It is important to recognize that lepers were not allowed to perform these offerings for themselves. It was necessary to go to the priest. Similarly, if we compare what a person needed to do to be declared cleansed from leprosy with what a person who has committed serious sins must do to repent, some sins may require that we seek help from our bishop. If a person has committed serious sin, such as sexual transgression or indulgence in pornography, those sins must be confessed to the bishop. The bishop holds the keys of repentance and can receive revelation to help individuals through the process of repentance.
In Leviticus 14:33–57 we learn that the Lord set forth procedures to cleanse houses with mildew and mold. (In ancient Israel, mildew and mold also symbolized sin and corruption.) Leviticus 15 contains additional laws, rites, and sacrifices that were set forth to help priests know how to cleanse other types of uncleanliness.
Read Leviticus 16, looking for how many times the word atonement is mentioned. Consider marking each time you find the word.
Leviticus 16 describes a sacred ceremony the Israelites were commanded to perform on one day each year, called the Day of Atonement (also known by the Hebrew name Yom Kippur). On this day the high priest offered sacrifice for all the people.
Leviticus 16:1–6 teaches that Aaron, who served as the high priest, was required to change into simple white linen clothing and offer sacrifice for himself before he could enter the tabernacle and perform the sacrifices God required on the Day of Atonement. (Note that Aaron served as the high priest of the Aaronic Priesthood. Today the term “high priest” refers to an office in the Melchizedek Priesthood.) The next part of the ceremony involved two goats.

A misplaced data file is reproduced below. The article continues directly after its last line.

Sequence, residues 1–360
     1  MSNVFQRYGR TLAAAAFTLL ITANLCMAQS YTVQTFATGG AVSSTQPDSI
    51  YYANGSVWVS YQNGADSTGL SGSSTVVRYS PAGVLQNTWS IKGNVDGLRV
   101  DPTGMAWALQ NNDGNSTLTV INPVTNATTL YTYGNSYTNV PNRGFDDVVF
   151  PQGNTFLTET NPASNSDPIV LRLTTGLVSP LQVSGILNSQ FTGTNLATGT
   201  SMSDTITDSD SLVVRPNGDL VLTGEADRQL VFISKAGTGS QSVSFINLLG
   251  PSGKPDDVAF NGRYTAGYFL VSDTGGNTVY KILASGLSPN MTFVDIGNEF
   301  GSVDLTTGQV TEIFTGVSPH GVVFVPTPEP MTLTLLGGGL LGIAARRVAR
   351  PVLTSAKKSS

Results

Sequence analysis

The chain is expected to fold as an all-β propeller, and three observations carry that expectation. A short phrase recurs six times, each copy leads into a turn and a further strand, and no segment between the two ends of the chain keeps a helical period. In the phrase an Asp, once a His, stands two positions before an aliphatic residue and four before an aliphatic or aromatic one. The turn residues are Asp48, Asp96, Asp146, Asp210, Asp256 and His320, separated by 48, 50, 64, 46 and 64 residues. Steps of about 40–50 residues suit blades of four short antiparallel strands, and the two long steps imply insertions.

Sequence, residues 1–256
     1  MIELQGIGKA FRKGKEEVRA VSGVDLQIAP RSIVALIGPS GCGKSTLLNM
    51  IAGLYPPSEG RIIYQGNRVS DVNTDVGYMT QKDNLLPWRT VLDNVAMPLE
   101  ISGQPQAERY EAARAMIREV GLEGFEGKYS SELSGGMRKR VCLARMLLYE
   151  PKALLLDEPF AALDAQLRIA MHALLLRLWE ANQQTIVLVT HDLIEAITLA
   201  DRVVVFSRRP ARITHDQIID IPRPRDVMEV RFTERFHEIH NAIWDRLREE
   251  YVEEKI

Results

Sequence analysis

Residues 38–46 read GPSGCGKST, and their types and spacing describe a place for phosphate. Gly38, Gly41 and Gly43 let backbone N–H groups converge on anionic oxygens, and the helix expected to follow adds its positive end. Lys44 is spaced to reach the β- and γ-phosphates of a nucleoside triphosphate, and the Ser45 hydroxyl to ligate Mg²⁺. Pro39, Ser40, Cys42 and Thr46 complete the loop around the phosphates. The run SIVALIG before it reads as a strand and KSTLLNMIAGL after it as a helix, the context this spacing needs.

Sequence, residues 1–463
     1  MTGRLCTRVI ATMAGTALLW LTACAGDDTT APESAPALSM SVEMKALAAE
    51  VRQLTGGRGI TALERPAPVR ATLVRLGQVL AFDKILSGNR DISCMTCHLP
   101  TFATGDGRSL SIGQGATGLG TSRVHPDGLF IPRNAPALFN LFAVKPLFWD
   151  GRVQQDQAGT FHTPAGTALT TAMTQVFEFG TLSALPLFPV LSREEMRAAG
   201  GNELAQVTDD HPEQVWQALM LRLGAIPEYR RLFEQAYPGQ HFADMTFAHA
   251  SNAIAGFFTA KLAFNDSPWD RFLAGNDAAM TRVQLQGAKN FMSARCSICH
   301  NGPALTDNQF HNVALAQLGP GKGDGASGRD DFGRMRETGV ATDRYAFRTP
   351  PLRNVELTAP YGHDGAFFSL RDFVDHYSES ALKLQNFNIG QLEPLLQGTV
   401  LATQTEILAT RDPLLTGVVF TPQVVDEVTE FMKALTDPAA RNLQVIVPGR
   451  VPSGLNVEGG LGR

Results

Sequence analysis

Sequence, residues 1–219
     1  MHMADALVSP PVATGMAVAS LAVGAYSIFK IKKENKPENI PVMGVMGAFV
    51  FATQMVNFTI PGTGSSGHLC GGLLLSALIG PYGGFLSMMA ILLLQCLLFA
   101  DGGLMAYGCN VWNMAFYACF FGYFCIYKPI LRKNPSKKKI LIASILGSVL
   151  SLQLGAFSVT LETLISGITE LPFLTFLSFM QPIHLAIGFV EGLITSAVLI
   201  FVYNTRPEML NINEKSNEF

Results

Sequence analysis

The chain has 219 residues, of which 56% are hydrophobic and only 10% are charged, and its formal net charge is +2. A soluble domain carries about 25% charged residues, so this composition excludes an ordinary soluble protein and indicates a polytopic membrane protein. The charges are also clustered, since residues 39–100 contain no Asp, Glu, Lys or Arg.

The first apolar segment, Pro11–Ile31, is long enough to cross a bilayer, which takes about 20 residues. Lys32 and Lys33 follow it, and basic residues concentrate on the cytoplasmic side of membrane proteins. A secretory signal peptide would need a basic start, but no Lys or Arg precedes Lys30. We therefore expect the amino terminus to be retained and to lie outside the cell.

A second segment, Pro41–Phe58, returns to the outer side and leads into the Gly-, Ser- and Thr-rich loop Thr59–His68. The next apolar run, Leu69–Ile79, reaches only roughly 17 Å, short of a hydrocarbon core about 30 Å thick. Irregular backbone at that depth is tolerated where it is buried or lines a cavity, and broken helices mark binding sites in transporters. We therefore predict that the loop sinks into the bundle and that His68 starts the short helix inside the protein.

Read the Lord’s instructions concerning the two goats in Leviticus 16:15–16, 21–22, looking for how the rituals involving these two goats could teach the children of Israel about the Atonement of Jesus Christ.
What can the ritual described in verses 15–16 teach us about the Atonement of Jesus Christ?
What can the ritual described in verses 21–22 teach us about the Atonement of Jesus Christ?
The second goat in this ceremony is sometimes referred to as the scapegoat, since he is driven away into the wilderness, bearing the sins of the people.
Jesus Christ symbolically represented both goats used on the Day of Atonement. The ceremony emphasized the truth that Jesus Christ’s Atonement included His infinite suffering as He took away the sins of the world by taking them upon Himself, by the shedding of His blood in Gethsemane and on the cross. The Atonement also included Jesus Christ’s Resurrection, which allows all mankind to be resurrected and overcome physical death.
Read the words to the first verse of the hymn “I Stand All Amazed,” and notice how they relate to what you have learned in this lesson:
I stand all amazed at the love Jesus offers me,
Confused at the grace that so fully he proffers me.
I tremble to know that for me he was crucified,
That for me, a sinner, he suffered, he bled and died.
Oh, it is wonderful that he should care for me
Enough to die for me!
Oh, it is wonderful, wonderful to me! (Hymns, no. 193)
- In your scripture study journal write your feelings and testimony about Jesus Christ and the Atonement He made for you.
- Write the following at the bottom of today’s assignments in your scripture study journal:
I have studied Leviticus 12–18 and completed this lesson on (date).
Additional questions, thoughts, and insights I would like to share with my teacher: